Although we sat on the sands of a Lake Michigan beach and walked the wooded trails of southern Pennsylvania this past summer, for the most part, my mate and I stayed close to home last year, that is unless we consider where we traveled through the books we read.

The writer, Anna Quindlen says that books “…are the plane, the train, and the road,” and since I couldn’t agree more, I am offering — for the fourth time in as many Januarys — the 12 best books I read in the past year; it is a much more difficult task than you might think.

I have never understood why anyone would rather sit idle when they could be sailing the seas with Robert Louis Stevenson, grinning with Mark Twain, roaming the streets of Nazi-occupied Budapest with Philip Kerr, or watching a quiet pond with Mary Oliver. So, with another year of reading both old and new alike, I offer, by the month, the best I encountered in 2019.

As usual, I followed no rules; I read anything that intrigued me, and even gave up on a few books when my interest lagged. One of the best was sent to me as an unexpected gift, another recommended by a fellow retired teacher, while others came out of the hands of the latest reviewers. My only regret is that I didn’t read more than I did, which seems now like quite a bit.

January’s best book was read in anticipation of historian Candice Millard’s visit for the Indiana State University Speaker Series.

In her fascinating “Destiny of the Republic” (265 pages; Doubleday; 2011), Millard, who has also written about young Winston Churchill and Amazon-exploring Theodore Roosevelt, paints dual portraits of the 20th President of the United States, James Garfield — who she is convinced would have been a great one — and the man whose bullet killed him, the indisputably insane Charles Guiteau.

Garfield rose from poverty to the Presidency similarly to Lincoln, was a brilliant scholar, and had every intention of reforming a corrupt government, yet he lived only six months into his term, the last three in agony as he was poked and prodded by incompetent doctors who continually probed for Guiteau’s slug.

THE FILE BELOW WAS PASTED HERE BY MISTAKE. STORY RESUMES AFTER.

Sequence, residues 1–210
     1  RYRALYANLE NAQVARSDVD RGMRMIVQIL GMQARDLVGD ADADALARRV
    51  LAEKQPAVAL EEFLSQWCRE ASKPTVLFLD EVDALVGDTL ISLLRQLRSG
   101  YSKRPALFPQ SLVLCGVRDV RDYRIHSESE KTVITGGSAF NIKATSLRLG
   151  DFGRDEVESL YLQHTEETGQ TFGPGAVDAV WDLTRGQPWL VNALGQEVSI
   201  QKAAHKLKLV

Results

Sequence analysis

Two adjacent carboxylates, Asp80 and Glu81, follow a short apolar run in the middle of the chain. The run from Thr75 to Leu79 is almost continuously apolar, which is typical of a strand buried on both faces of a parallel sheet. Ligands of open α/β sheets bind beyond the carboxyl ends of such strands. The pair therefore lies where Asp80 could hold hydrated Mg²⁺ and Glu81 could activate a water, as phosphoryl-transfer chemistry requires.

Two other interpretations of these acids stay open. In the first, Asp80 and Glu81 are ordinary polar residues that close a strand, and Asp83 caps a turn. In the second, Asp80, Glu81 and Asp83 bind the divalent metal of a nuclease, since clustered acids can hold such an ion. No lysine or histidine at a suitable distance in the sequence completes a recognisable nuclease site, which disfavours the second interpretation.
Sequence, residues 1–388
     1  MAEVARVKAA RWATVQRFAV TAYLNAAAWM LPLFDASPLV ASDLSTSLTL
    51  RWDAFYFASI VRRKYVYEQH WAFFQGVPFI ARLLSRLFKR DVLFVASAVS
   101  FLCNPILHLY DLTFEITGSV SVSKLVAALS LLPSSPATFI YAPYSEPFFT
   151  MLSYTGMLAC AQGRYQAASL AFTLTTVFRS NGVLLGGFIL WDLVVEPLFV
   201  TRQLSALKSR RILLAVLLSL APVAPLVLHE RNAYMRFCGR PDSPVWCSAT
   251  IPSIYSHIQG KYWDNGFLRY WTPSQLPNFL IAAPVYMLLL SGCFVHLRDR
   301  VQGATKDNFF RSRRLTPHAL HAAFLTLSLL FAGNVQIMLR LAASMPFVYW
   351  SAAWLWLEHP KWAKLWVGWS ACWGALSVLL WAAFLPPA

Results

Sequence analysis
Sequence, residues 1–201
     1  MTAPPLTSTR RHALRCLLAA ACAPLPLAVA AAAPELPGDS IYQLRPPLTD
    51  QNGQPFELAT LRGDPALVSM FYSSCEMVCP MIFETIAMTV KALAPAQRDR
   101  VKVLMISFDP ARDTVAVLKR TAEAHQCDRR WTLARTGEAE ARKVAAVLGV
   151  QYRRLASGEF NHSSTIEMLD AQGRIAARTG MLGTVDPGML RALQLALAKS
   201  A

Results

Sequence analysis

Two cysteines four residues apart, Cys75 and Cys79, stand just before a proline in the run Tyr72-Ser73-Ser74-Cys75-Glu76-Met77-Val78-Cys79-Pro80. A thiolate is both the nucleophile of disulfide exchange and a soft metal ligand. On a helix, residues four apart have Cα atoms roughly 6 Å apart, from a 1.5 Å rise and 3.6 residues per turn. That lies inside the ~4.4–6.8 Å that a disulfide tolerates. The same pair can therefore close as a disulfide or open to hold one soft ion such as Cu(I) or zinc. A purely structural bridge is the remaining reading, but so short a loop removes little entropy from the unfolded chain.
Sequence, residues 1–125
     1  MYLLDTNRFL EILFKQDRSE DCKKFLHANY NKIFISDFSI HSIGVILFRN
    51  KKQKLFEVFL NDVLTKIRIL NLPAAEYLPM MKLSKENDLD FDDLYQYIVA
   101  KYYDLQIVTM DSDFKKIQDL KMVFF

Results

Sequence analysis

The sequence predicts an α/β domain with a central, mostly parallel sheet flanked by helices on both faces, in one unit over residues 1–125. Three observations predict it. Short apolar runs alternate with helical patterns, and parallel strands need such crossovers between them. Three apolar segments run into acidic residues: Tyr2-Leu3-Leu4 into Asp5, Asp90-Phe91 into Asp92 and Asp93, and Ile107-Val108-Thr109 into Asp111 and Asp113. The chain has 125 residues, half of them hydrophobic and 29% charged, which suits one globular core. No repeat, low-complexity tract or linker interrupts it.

One cannot help but admire Garfield; his meteoric rise in politics came through hard work and determination, and readers will grow more and more sympathetic to his plight as they read accounts of his patient suffering. Millard paints a pathetic picture of Guiteau, as well; his mental illness led him to believe that he was doing God’s work in shooting the 49-year-old president. But, perhaps above all, readers will marvel at how blind “modern” medicine was in the late 19th century, a time when willful arrogance ignored more scientific methods of treating Garfield, including the simple practice of hand washing.

“Not only did American doctors not believe in germs,” Millard writes, “they took pride in the particular brand of filth that defined their profession. They spoke fondly of the ‘good old surgical stink’ that pervaded their hospitals and operating rooms, and they resisted making too many concessions even to basic hygiene… They believed that the thicker the layers of dried blood and pus, black and crumbling as they bent over their patients, the greater the tribute to their years of experience.”

It was appropriate that February’s best book was about bone-chilling and frost-bitten hardship of a variety we can hardly imagine, even on the longest, grayest days in the Midwest. “In the Kingdom of Ice; The Grand and Terrible Polar Voyage of the USS Jeanette” (416 pages; Doubleday; 2014), is Hampton Sides’ real-life saga of the ill-fated exploration of what was believed to be an “open polar sea” at the top of the world. Led by the fearless George DeLong and sponsored by the flamboyant George Gordon Bennett, Jr. — the publisher of “The New York Herald” — the hearty crew of the retrofitted Jeanette had no idea what awaited them when they left San Francisco in July 1878.

Believing that a warm-water current would lead them to the Pole and glory, DeLong and his men exhibited unbelievable courage in the face of terrible adversity. The Jeanette became trapped in the ice, and slowly, as the crew dwindled, the men were forced to abandon their crushed ship, agonizingly pull whaling boats on sledges across miles of moving ice, then row torrents of icy waters to begin wandering trackless permafrost back toward civilization, all the time starving. Only a few survived.